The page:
by Nat Malkus
How Trump can avoid the big risks of a federal school choice push.
Evidence that the Trump administration will push for a major expansion of private school choice continues to mount. Initially, it was easy to scoff at Trump’s promise to invest an eye-popping $20 billion in school choice. But his repeated endorsements of school choice, his selection of choice advocate Betsy DeVos for secretary of education, and his request for federal choice legislation in last week’s joint address to Congress provide plenty of reasons to take his promise seriously.
Skepticism of swinging for the school choice fences is not limited to opponents of school choice. Indeed, choice supporters including Lindsey Burke of the Heritage Foundation and my American Enterprise Institute colleague Rick Hess have written about the potential downsides of a federal effort. The Obama administration’s overwrought, and ultimately counterproductive, support for Common Core should be a cautionary tale. If a poorly executed federal choice push fails on the national stage, it could substantially damage the progress the school choice movement has built from the bottom up.
But some advocates are bullish on Trump’s push, sensing a rare opportunity to “go big” on school choice. The question for those supporters and the administration should be, how can a federal program push choice without risking the movement’s undoing?
The specifics of Trump’s push are still up in the air, but based on the workable choice mechanisms, available political opportunities, and the president’s joint address, some scenarios are more likely than others. The most likely funding mechanism is a tax-credit scholarship program, which would give individuals and corporations a tax credit for donations made to a scholarship-granting organization (SGO). Tax-credit scholarships avoid the legal challenges that voucher programs invite because the government does not send funds to private schools; non-profit SGOs do. Seventeen states already have tax-credit programs and federal legislation has been offered before.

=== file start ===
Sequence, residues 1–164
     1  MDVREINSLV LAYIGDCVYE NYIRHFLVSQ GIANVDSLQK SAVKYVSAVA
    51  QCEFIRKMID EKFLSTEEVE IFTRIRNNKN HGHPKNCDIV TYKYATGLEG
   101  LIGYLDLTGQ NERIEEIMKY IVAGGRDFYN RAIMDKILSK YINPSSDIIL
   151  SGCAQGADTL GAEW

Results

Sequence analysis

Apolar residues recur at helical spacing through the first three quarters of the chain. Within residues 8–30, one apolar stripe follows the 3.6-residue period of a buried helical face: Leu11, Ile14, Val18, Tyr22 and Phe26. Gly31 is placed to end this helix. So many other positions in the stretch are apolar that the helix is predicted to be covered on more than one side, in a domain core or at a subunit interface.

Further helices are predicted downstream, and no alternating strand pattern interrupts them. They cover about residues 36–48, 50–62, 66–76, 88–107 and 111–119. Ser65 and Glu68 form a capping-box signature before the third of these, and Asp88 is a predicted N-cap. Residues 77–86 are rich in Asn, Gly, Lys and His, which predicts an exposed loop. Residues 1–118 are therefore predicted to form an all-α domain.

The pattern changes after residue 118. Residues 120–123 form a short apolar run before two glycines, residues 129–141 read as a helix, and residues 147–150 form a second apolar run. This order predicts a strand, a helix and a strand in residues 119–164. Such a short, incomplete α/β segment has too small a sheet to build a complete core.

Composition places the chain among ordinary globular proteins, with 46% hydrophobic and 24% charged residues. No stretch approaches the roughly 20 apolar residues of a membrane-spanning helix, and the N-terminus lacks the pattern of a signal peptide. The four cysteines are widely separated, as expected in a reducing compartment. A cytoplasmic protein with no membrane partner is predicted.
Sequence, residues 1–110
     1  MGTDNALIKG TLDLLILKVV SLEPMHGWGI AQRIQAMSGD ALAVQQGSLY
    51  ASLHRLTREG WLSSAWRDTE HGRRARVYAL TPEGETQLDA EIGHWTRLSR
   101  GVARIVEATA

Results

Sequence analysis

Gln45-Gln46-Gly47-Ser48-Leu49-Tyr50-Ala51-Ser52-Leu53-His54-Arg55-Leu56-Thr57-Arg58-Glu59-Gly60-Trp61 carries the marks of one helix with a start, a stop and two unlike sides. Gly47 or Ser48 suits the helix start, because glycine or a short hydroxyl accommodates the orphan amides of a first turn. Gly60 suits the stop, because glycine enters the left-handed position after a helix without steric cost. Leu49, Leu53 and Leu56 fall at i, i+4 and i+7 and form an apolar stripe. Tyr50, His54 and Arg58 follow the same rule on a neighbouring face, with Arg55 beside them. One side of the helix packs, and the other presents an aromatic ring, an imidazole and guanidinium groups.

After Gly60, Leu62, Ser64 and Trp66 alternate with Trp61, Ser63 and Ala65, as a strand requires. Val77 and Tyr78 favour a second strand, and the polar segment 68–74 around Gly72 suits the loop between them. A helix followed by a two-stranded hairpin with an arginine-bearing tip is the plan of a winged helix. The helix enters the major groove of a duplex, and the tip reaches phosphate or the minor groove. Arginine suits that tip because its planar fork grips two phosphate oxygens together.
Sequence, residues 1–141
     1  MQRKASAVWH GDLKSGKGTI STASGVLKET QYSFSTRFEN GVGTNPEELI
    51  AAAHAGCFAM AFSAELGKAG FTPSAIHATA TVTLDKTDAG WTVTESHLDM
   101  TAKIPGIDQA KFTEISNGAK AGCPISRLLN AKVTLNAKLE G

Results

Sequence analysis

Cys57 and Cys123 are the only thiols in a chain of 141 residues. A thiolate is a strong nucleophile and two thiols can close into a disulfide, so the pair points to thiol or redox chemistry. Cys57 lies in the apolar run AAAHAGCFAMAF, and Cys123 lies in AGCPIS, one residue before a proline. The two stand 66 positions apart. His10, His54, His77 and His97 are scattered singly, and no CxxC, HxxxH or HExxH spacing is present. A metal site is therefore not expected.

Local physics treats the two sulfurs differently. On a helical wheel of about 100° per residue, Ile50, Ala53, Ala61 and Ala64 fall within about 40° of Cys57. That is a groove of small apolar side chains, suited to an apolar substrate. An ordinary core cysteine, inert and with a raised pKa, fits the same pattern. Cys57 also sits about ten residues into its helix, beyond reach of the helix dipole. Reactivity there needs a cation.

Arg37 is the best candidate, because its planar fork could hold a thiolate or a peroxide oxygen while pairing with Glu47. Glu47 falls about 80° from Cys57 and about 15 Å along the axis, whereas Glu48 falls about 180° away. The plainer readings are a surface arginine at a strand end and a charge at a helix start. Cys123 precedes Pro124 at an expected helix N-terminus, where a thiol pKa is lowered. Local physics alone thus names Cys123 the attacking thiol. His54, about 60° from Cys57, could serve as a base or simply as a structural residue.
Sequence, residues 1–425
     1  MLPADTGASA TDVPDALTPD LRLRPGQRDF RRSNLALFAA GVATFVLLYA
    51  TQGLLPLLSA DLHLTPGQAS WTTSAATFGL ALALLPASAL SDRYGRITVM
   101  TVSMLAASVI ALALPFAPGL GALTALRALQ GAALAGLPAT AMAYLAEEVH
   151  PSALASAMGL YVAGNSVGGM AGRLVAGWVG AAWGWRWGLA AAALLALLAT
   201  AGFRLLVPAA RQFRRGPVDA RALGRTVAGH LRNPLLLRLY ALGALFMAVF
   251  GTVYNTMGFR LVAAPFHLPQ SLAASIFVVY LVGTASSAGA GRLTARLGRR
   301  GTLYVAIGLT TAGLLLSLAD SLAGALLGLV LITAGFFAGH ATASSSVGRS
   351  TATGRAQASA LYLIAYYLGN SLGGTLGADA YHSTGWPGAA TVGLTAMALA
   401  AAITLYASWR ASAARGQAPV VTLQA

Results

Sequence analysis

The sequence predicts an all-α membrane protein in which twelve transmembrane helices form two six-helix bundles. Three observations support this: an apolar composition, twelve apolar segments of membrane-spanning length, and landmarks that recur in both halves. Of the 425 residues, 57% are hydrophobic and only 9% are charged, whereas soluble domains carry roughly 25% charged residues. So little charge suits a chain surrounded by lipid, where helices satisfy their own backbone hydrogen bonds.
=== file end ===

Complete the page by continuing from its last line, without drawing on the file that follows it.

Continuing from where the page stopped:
Political realities also favor this approach. A tax-credit scholarship could pass Congress with only 51 Senate votes as part of a tax-reform bill or budget reconciliation. But both of these legislative vehicles come with a tradeoff: it would not allow for a fully developed legislative proposal with regulations, civil-rights protections, or new administrative bodies to run it. The budget reconciliation cuts both ways, opening a window for passage but limiting how detailed the proposal could be.
Trump’s statements in his joint address to Congress were consistent with a tax-credit scholarship approach. He made clear he wants a targeted program, asking for “an education bill that funds school choice for disadvantaged youth.” He also illustrated the benefits of choice by introducing Denisha Merriweather, a woman whose educational success Trump credited to—you guessed it—a tax-credit scholarship.
Their political and legal feasibility makes targeted tax-credit scholarships the most likely route for a federal school choice push, but positive outcomes are not guaranteed. The specifics are easy to get wrong, including decisions on student eligibility, scholarship amounts, regulatory approaches, quality controls, and program evaluation. It’s also hard to imagine how a national program could operate without a national group to administer it, which would be hard to create in a budget reconciliation bill.